To produce these videos, librarians had to pick up skills like filming and video editing within a short span of time, with new recordings being released on a weekly basis.
“Our staff really rose to the challenge… They [had] to do the recording, scripting, acting, editing,” Ms Lau shares.
A host of programmes for teenagers have also been implemented, including entertainment options, such as online bullet journaling workshops, escape rooms, and talks on environmental sustainability. Another event that NLB came up with was the Study With Me online sessions, where participants gather virtually to study with their peers.
Maintaining a connection with seniors
Engaging seniors and equipping them with digital skills is another of NLB’s goals.
Ms Lau says that initiatives, like the SG Digital Office facilities, have been set up in 25 libraries islandwide, with dedicated ambassadors available to help seniors with their technology-related enquiries. Since its launch, the programme has reached out to over 27,000 seniors.
“The more common [enquiries received] relate to things that will support daily life during Covid,” she says. “How do they connect with a loved one over Zoom, FaceTime, how to perform some of their daily activities like e-banking, even learning how to use the TraceTogether [mobile] app.”
Supporting senior-centric interest groups are also a priority, for the purpose of encouraging engagement and interaction. Take the Tampines Ukelele Jammers.
Co-founded by volunteer Shamimah Mujtaba in 2018, it is an interest group for those aged 50 and above that aims to bring seniors together through a shared passion for the ukelele. Ms Shamimah says that the group meets twice a month, and has been conducting sessions online since May 2020, due to the pandemic. To facilitate rehearsals, lyrics and chords are shared on-screen during digital sessions.
In the process of adapting to rehearsals online, she noticed a fall in the number of members attending sessions. At its peak, the group had as many as 80 members turning up for in-person rehearsals, which dropped to 50 attendees for digital sessions. But bringing rehearsals online has attracted new members. Ms Shamimah estimates that 20 to 25 per cent of current attendees joined the group after digital sessions were introduced.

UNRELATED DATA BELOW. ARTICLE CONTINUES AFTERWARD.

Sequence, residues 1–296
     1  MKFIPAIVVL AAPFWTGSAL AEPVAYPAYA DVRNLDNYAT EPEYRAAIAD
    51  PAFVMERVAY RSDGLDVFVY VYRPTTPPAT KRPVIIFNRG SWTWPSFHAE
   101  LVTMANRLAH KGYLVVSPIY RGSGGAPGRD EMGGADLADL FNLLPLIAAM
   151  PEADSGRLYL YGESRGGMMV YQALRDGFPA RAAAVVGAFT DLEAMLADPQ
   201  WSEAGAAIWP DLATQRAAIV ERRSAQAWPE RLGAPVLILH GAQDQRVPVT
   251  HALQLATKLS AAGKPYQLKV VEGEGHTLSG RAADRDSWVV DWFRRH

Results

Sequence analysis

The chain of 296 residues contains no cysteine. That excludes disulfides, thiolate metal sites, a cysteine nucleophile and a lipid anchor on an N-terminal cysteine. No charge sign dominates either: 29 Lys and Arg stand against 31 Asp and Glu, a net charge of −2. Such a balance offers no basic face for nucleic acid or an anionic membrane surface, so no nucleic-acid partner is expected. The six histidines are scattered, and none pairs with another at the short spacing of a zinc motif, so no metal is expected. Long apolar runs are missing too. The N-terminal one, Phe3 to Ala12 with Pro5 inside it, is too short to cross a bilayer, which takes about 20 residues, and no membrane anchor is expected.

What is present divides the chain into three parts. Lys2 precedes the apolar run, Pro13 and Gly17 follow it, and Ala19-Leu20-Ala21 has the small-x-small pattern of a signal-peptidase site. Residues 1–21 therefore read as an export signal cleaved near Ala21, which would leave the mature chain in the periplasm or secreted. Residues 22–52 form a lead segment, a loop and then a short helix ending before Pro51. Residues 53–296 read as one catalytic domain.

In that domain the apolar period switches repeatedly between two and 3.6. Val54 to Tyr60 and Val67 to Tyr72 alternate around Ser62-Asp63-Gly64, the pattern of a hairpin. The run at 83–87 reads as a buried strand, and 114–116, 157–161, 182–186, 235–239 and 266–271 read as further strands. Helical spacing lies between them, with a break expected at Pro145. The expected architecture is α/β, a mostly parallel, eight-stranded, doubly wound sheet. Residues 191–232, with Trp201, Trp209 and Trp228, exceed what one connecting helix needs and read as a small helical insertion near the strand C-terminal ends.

While she enjoys the versatility of hosting rehearsals online, which has allowed them to continue, she still prefers in-person jamming sessions.
“You have more of an interaction before and after [the session]. Whereas a Zoom meeting tends to be very structured in the sense that you start, end, and that’s it,” she explains.
Still, she looks forward to attending jamming rehearsals in person, as the group’s last physical session was held in February last year.
“What we [would] like is for the library to help us get back to physical sessions, but we recognise the problems and the constraints,” she notes, and says that the group is considering adopting a hybrid model of in-person and digital sessions.
Ultimately, Ms Lau believes that the pandemic has compelled NLB to ramp up its efforts to digitise existing programmes, and to come up with new innovative ones that suit digital platforms.
“What Covid has done is that it has accelerated our [digitisation]. To some extent, we [didn’t] have a choice, especially when we [had] to close the library for three months,” she says, adding that it has motivated NLB to refresh the selection of programmes it has to offer. She emphasises the need to evaluate the impact of these initiatives and prioritise existing resources.
It is also important to consider how these activities support NLB’s mission to nurture a spirit of learning, she says: “What is important is [to] always think about [the] library as a place to support learning… [To] look at learning not just as [an] individual transaction, [and] really connect all of these learning opportunities.”